1 To reflect on the word “common” results in a twofold critical knowledge: one of the paradigms of our contemporary culture (microhistory), and one of the paradigms of Western culture (macrohistory). In other words, we cannot ignore the twofold epistemic structure of “form.” There is the plane of presence, the visible world, and there is the plane of absence, the cosmos of invisible forces; the “images.” Form is always visible; it belongs to the ambit of particulars and distincts. Image is always invisible; it belongs to the universal ambit of the indistinct. The indistinct shapes the distinct. Therefore, the structure of form is founded on a non-dissoluble tie: the detail (that which is not common) is always tied to something universal (that which is common).
However, the paradigm of contemporary culture breaks this tie (makes us think that it breaks it): form becomes the mere envelope/wrapper of a presence dominated by individual arbitrariness. For this reason, and for quite some time now, form is no longer the common place where the individual makes an effort to encounter the universal (the invisible iconological forces), but instead has become the place where the violence of architectural languages is the expression of arbitrary insignificance.
The technical and scientific knowledge upon which the contemporary paradigm is founded “believes” – and this is the violence imposed upon Architecture – that it has broken the (in any case indissoluble) tie between the particular and the universal, between the dominable and the indomitable. Believing to have broken the tie is the presumption that forms the base of the violence of contemporary architectural language.
Architecture is the absolute relation between the indomitable (archai) and the dominable (tèchnai), just as individuality is the absolute relation between interiority (indomitable) and exteriority (dominable). Thinking to ignore the pair of opposites (indomitable–dominable) fuels the worst faith of the West.
2 The project, situated at the southern tip of Manhattan, reflects upon the cultural crisis of our times through two parameters: the geohistory of the place, and the epistemic relation between interiority and indomitability and between absence and invisibility.
The geology of the bottom of the Hudson River reveals a history that anticipates the future. The strategic point of entrance in 1800 was controlled by four forts that corresponded to four islands: Castle Williams on Governor’s Island, Fort Wood on Liberty Island, Fort Gibson on Ellis Island, and Southwest Battery Island (then a rocky islet 300 yards from the Manhattan coastline). Those places later became obligatory points of passage for millions of immigrants coming to the New World. Now, Castle Clinton houses the ticket office for the Statue of Liberty.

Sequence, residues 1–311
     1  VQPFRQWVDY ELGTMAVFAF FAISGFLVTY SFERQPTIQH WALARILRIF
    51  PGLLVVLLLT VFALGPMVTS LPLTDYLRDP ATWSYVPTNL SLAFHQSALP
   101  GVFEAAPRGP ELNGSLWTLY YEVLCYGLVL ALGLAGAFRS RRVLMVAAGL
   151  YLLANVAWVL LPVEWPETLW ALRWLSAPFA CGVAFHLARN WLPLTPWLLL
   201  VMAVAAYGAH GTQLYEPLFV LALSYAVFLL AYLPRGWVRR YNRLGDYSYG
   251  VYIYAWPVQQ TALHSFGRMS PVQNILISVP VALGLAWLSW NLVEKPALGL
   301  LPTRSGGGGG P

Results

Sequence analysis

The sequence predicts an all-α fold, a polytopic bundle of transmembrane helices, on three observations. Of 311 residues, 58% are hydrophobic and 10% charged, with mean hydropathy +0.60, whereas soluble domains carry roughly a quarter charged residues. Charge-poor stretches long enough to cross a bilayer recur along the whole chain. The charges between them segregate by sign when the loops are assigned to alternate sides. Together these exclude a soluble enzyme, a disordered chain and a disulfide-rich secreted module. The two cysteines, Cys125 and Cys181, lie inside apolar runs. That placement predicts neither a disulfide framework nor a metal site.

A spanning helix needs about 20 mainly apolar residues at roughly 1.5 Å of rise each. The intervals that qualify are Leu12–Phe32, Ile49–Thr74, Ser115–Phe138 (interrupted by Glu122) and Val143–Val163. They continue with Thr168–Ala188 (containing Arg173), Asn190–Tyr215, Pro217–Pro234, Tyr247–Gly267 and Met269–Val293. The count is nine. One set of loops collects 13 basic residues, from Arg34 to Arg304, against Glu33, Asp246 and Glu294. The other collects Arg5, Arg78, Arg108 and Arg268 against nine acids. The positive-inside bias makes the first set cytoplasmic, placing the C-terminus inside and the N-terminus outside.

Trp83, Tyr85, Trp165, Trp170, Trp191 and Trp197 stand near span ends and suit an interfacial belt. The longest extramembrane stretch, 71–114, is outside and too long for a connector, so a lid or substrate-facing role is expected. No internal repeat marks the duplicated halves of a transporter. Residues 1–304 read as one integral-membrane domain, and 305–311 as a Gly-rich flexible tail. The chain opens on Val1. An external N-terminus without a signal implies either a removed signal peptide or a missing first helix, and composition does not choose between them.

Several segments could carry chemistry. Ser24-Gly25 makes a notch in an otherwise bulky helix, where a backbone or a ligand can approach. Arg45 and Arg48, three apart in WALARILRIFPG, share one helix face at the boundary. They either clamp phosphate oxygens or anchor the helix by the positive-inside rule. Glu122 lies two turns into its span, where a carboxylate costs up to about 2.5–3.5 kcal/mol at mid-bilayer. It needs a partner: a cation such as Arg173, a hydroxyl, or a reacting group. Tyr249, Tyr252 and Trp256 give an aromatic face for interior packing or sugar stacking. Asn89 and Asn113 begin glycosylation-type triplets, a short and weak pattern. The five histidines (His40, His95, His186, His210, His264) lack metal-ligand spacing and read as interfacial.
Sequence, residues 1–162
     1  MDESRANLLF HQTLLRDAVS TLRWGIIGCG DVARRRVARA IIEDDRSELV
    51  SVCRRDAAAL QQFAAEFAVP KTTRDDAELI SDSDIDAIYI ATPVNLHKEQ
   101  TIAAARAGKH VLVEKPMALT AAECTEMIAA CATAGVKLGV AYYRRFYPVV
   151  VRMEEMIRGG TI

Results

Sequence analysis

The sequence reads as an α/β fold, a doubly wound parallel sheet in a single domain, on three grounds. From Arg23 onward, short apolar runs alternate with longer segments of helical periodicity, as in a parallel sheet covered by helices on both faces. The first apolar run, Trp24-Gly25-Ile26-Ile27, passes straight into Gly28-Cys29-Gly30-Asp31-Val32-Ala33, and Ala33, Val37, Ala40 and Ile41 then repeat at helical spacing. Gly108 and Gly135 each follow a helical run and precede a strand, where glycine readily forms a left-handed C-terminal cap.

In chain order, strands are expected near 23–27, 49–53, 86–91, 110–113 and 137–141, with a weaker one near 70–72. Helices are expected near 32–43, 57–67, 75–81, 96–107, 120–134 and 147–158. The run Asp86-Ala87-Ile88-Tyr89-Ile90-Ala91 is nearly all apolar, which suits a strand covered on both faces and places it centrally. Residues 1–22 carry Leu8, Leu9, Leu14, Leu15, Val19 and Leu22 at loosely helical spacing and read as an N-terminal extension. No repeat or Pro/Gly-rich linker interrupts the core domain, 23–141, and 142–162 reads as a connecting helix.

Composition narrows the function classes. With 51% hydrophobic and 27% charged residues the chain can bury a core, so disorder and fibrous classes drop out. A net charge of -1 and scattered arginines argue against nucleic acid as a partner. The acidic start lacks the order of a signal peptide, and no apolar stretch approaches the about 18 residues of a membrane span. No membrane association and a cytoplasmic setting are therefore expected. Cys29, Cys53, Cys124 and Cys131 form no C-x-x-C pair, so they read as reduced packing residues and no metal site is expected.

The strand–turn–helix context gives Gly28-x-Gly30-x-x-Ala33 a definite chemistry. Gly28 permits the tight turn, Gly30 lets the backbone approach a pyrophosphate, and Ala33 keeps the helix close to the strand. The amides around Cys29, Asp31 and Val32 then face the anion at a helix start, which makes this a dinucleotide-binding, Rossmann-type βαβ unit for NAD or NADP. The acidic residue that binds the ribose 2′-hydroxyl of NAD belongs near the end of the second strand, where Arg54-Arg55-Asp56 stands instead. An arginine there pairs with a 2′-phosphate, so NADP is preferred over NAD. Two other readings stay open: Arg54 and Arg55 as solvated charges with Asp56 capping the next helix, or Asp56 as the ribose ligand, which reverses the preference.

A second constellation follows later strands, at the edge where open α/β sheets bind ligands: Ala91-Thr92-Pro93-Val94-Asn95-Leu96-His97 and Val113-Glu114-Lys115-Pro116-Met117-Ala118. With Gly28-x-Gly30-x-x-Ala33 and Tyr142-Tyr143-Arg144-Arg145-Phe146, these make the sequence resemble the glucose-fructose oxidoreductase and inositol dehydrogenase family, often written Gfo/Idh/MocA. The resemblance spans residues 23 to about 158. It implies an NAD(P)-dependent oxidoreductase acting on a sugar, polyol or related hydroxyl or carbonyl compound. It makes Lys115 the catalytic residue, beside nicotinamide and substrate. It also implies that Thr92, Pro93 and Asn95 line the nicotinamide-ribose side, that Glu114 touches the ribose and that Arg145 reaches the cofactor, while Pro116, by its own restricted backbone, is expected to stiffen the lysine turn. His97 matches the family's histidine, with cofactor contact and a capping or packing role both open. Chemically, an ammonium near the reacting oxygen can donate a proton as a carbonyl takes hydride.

The Statue of Liberty now represents an absent value that, in any case, belongs to thought. That’s why the project is sunk into the waters of the Hudson, forming a circular cavity that sucks up the absence of a past that migrates from history to metaphysics. Its hollow shape alludes to the invisible forces that transited there before, through visible bodies. Presence drops into the void, attracted by the power of the spirit – our spirit and that of all things. It is architecture dedicated to the edification of “singularity,” of the community.
3 The title InvisibHole derives from the number 01 (assigned by the organizers), but it translates the binary language of the digital world into the analogical language of the formal world. It not only indicates the hole in the water in a direct way, but also has phonetic similarity to the phrase “All One.” It is a metaphor where “everyone” and “one” refers at the same time to individual singularity and to the singularity of a community.
Renato Rizzi graduated from the University of Venice, IUAV, in 1977, with a degree in Architecture.
From 1984 to 1992, he began working in New York with Peter Eisenman on projects including the La Villette in Paris; the new headquarters of Monte dei Paschi in Siena; the Opera House in Tokyo, and recently, in 2008, the “Research Tower” in Padua. He has participated in numerous international competitions in places such as New Zealand, Warsaw, Berlin, Barcelona, Wellington, Copenhagen, and Krakow. In 1992, he was awarded the National Award in Architecture and in 2003, he received an honorable mention for the Gold Medal for Italian Architecture. His list of accolades include the Gold Medal for Italian Architecture of the Milan Triennale, the Landscape Award of the Council of Europe in 2009, and an Honorable Mention for ADI’s Compasso d’Oro for the House of Art Futurist Fortunato Depero in 2011. Rizzi has also exhibited his works at the Venice Biennale of Architecture in 1984, 1985, 1996, 2002, and 2010.
After working for about a decade with Peter Eisenman, he returned to Italy to devote himself to teaching, design, and theory, and he has lectured at Harvard and in Cairo, La Plata, and Auckland.
Each of the drawings that accompany the 30 models in Sharing Models: Manhattanisms will be auctioned throughout the duration of the exhibition. Proceeds support Storefront’s ongoing programming in New York and internationally. BID ONLINE HERE.